I found a bench in a relatively quiet spot behind the minster to sit and enjoy my sorbet and got into a conversation with a street sweeper on his break. I’ve been here 2 years and it still surprises me how friendly and open people in the north of England tend to be compared to those in the south. All in all, despite the clouds in the sky, I ended up having a wonderful day of good food and lovely people no further from home than my beautiful little city.

FODMAP-ing fun

Gluten free and dairy free dark chocolate macaroons!
Gluten free and dairy free dark chocolate macaroons!
Gluten free and dairy free dark chocolate macaroons!

Something I haven’t brought up here before is something I’ve been dealing with for a couple of years now, and from the sounds of it, I’m not alone. Anyone can suffer IBS, though it’s twice as common in women as in men. The causes and symptoms vary a lot, and as such, it can be very difficult to treat. So far, nothing has proven effective for helping me but most recently, I’ve been placed on a low FODMAP diet.

FODMAP: Fermentable Oligo-, Di-,Mono-saccharides And Polyols. These are short chain carbohydrates (oligosaccharides), disaccharides,monosaccharides and related alcohols that are poorly absorbed in the small intestine. I’ll spare you the details but it essentially leaves me with a very restricted diet, excluding lactose and gluten.

All in all, it’s not easy to find low FODMAP recipes so to help my fellow IBS sufferers, I am going to be posting some alongside the regular stuff. But don’t get put off! They’ll still be delicious, plus lactose and gluten free!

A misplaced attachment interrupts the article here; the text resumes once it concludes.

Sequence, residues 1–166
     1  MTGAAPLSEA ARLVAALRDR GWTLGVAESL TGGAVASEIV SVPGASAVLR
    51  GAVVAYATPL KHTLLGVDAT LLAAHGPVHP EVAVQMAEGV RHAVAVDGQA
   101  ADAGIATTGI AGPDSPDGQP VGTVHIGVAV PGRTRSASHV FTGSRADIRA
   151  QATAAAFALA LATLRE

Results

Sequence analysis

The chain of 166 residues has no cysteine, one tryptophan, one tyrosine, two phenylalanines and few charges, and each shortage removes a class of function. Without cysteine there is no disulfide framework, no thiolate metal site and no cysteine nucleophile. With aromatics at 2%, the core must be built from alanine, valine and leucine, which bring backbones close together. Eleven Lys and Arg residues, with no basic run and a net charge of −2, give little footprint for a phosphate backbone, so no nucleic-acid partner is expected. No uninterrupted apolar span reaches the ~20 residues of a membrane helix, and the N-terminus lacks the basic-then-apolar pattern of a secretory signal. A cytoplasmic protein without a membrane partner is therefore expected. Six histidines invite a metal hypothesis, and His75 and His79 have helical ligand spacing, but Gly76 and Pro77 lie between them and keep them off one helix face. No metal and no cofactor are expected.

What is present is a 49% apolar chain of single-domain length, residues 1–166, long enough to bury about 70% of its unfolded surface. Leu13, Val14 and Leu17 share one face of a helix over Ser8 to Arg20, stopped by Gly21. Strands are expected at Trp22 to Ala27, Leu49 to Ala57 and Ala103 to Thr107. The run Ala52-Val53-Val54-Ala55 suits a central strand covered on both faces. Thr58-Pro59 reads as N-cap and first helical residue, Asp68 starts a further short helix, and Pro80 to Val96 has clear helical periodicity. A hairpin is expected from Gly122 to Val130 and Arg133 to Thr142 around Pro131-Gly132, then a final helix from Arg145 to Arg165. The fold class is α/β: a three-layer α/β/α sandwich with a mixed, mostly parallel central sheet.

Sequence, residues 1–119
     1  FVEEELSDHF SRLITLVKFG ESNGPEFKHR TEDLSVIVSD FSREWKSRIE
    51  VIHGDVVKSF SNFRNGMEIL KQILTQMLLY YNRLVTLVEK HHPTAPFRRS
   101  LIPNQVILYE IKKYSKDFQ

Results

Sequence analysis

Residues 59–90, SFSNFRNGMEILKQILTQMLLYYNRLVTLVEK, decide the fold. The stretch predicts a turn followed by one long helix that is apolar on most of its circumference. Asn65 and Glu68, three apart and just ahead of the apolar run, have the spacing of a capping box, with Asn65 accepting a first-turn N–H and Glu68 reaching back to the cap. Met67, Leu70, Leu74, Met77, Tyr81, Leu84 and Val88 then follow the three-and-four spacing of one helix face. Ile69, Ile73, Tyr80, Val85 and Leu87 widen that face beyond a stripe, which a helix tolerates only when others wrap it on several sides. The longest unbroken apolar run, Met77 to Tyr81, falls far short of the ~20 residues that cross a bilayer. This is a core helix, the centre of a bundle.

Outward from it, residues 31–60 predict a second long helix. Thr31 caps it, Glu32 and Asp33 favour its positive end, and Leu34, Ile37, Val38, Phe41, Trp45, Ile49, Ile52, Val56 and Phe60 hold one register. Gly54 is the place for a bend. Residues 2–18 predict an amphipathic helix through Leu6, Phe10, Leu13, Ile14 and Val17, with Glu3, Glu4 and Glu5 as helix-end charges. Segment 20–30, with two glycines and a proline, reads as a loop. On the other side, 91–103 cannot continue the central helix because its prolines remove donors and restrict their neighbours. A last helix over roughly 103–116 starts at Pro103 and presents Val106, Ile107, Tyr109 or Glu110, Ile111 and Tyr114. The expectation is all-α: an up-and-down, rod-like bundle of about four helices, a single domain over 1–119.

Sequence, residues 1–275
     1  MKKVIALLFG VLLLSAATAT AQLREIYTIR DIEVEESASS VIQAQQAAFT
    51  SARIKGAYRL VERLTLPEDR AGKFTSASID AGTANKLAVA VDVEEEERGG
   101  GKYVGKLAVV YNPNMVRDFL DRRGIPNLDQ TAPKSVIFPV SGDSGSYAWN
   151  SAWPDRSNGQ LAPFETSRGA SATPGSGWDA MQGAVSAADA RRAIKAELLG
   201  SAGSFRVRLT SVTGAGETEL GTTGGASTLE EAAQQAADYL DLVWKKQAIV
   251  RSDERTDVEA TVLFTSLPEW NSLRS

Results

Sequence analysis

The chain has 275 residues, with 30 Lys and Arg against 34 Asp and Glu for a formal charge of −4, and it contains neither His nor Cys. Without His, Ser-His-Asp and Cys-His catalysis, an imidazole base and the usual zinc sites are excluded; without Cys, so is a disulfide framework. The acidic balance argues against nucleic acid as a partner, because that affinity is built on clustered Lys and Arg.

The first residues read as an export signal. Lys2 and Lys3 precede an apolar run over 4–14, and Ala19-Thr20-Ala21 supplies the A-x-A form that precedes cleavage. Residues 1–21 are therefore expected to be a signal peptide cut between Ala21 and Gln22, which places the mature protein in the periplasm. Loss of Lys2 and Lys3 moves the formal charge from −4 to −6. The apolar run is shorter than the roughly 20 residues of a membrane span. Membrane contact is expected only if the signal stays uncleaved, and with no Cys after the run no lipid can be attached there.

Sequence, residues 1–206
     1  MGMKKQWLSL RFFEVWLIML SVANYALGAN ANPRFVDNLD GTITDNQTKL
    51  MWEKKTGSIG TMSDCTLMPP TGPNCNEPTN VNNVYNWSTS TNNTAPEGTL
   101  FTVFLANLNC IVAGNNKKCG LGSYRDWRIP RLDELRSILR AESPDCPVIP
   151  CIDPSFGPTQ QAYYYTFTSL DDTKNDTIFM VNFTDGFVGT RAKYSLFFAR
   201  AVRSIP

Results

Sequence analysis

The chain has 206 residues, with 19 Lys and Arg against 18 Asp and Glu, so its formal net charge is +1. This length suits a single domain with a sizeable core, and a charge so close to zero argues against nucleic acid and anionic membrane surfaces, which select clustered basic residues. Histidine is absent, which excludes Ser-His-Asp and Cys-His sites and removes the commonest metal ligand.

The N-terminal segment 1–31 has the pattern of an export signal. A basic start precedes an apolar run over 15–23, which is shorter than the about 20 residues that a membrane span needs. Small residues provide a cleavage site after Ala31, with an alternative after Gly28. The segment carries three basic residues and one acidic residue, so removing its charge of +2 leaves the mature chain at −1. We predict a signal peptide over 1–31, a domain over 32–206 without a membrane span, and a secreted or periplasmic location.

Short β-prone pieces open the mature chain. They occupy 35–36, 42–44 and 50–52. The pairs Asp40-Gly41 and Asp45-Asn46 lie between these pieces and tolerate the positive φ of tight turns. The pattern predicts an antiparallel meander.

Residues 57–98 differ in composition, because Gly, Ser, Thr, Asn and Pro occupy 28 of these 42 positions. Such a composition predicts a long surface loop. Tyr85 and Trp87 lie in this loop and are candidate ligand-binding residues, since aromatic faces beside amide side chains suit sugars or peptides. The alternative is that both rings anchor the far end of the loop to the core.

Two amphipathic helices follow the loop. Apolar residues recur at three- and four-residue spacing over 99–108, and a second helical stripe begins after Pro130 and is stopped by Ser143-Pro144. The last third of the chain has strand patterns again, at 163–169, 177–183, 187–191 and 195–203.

More exciting stuff…I have an instagram! Yes, this is totally just an excuse for gratuitous foodie photos but that’s fine, right? Check it out

Nutty falafel pita (and why being vegan doesn’t need to be so hard)


Any foodie who finds themselves in London with a rumbling stomach, head to Camden market. The area is one of the most vibrant parts of London and a must-visit for any London tourist. The stalls sell an eclectic mix of crafts, bric-a-brac, clothing and accessories. But the highlight, and of course, my favourite part is the vast mix of food stalls selling every cuisine imaginable. I just so happened to find myself there last week during a temporary vegan high, on the hunt for Cookies and Scream (vegans, you can thank me later). Unfortunately, the rest of the food market is not so vegan friendly, but I was not deterred, and quickly found myself drawn to the stands making fresh falafel. Crispy on the outside, soft on the inside and served in giant soft wraps with salad and chilli sauce, I could not have asked for anything more.

In honour of those beautiful wraps, the next segment of my sandwich-y adventures will be my own take on a falafel pita. Enjoy!

For the falafel
3/4 cup dried chickpeas
1/2 onion
2 cloves garlic
40g each pistachios, pecans, cashews
1 tbsp ground almonds
3 tbsp olive oil
1 tsp cumin
1 tsp tumeric
1/2 tsp fennel
1 tsp baking powder

Soak the chickpeas overnight, allowing to expand until you have around 1.5 cups.
The following day, preheat the oven to 200°C
Place the onion and garlic into a food processor and process until finely chopped.
Add the rest of the ingredients and pulse. The dough will come together but keep it slightly rough.
I baked the falafel to save the hassle of deep frying and with the oven on a high temperature, they will come out wonderfully crispy on the outside and soft in the middle.
Form 15 roughly tablespoon sized balls and place them on a sheet of baking parchment. Bake for 15 minutes, but turn every 5 minutes to ensure they are done evenly.

This recipe makes 5 servings of 3 falafel

For the pita
1 fresh pita bread
1 slice of aubergine – about 0.5cm thick and as long as the pita
1 tbsp greek yogurt
half a white cabbage leaf
3 homemade falafel (still warm from the oven)
1 salad tomato
a drizzle of tahini
a sprinkle of paprika
coriander for garnish